scotia wrote:Yes - but it was the "retire at 55 at the very latest" that seemed an absolute end point that bothered me . And he mentioned he was an engineer, and he loved his job. Engineering is a creative occupation, and does provide job satisfaction, albeit with not the same financial returns as other occupations. And although as you grow older you get a bit slower mentally, your past experience proves useful when collaborating with the younger generation. I'm glad I continued into my seventies - and only finally made the break when a number of considerably younger colleagues decided to retire.


If it's an option, having a mid/late-life career break is one I'd recommend. I effectively retired 3 years before my "official" retirement date because I was on a scheme where after 1 year off without pay, I had the option to ask for a further year off or could return to a job at the same level and salary. This gave me a "free hit" at seeing whether not working at all for a year had any negative impacts on me. Without this option, I'd have continued working for probably at least another year, just to be on the safe side.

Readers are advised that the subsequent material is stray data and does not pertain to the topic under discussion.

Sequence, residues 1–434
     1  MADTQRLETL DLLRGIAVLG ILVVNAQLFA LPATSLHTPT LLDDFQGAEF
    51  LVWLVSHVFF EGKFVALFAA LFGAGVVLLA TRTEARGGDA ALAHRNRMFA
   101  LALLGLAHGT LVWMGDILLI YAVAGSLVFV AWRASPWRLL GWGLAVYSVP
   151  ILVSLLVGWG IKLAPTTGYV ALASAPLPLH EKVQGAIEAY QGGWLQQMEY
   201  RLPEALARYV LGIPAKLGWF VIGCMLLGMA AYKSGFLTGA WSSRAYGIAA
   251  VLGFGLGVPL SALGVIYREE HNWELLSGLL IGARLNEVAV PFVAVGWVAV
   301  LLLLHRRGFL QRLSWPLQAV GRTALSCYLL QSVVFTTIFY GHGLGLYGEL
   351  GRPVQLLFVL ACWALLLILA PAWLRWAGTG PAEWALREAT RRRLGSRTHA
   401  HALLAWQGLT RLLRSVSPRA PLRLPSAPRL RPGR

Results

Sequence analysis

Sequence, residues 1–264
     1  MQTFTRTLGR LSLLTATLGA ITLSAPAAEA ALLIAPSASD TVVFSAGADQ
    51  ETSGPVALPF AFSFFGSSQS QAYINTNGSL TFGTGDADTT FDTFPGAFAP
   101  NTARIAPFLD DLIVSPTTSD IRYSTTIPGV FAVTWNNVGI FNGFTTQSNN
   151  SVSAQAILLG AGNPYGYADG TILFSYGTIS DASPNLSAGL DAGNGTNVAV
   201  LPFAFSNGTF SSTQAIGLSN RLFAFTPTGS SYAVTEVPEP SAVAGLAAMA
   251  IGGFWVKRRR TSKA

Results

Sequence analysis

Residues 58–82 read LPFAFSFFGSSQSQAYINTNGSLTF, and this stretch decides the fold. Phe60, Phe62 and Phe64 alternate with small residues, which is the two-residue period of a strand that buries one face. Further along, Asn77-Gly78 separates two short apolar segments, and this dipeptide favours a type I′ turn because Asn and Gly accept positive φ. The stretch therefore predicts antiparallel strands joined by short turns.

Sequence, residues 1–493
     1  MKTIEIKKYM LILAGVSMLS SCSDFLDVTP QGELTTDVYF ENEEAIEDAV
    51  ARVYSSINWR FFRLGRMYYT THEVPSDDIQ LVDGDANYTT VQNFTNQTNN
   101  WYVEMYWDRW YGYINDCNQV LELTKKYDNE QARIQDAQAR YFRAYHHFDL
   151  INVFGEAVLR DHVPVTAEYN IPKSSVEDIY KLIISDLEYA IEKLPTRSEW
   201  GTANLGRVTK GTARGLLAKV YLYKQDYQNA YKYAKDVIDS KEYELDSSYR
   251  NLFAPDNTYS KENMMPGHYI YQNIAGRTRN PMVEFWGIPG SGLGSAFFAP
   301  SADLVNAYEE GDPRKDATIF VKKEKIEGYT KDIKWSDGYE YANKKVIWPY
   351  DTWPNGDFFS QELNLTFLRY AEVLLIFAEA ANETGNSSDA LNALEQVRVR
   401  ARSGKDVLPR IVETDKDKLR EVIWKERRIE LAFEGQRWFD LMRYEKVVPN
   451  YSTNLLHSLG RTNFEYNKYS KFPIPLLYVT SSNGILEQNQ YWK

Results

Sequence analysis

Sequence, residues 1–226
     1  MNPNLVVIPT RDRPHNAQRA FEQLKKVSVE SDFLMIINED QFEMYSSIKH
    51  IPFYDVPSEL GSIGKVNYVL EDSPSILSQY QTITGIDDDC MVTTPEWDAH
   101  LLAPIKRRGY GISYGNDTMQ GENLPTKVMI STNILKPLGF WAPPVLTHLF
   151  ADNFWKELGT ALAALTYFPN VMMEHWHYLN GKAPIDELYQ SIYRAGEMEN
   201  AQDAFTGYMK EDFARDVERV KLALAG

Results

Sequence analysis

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Re: HOW TO STICK TO ONE PLAN

#305855

Postby vagrantbrain » May 5th, 2020, 3:08 pm

Just my 2p:

I'd echo the comments about making sure you have some fun while you're younger - i've just turned 40 and looking back I sacrificed a lot in my 20s and 30s to save a reasonable sum of money, however it's a fairly modest sum compared to my current salary. I think i'd rather have saved a bit less and had a holiday every year

Always have an exit strategy. I've seen some friends come unstuck after thinking that north sea O&G would pay big wages forever and set their lifestyles accordingly. Readjusting to life on a building site on £30k after a couple of decades on double that has been a bit painful for a few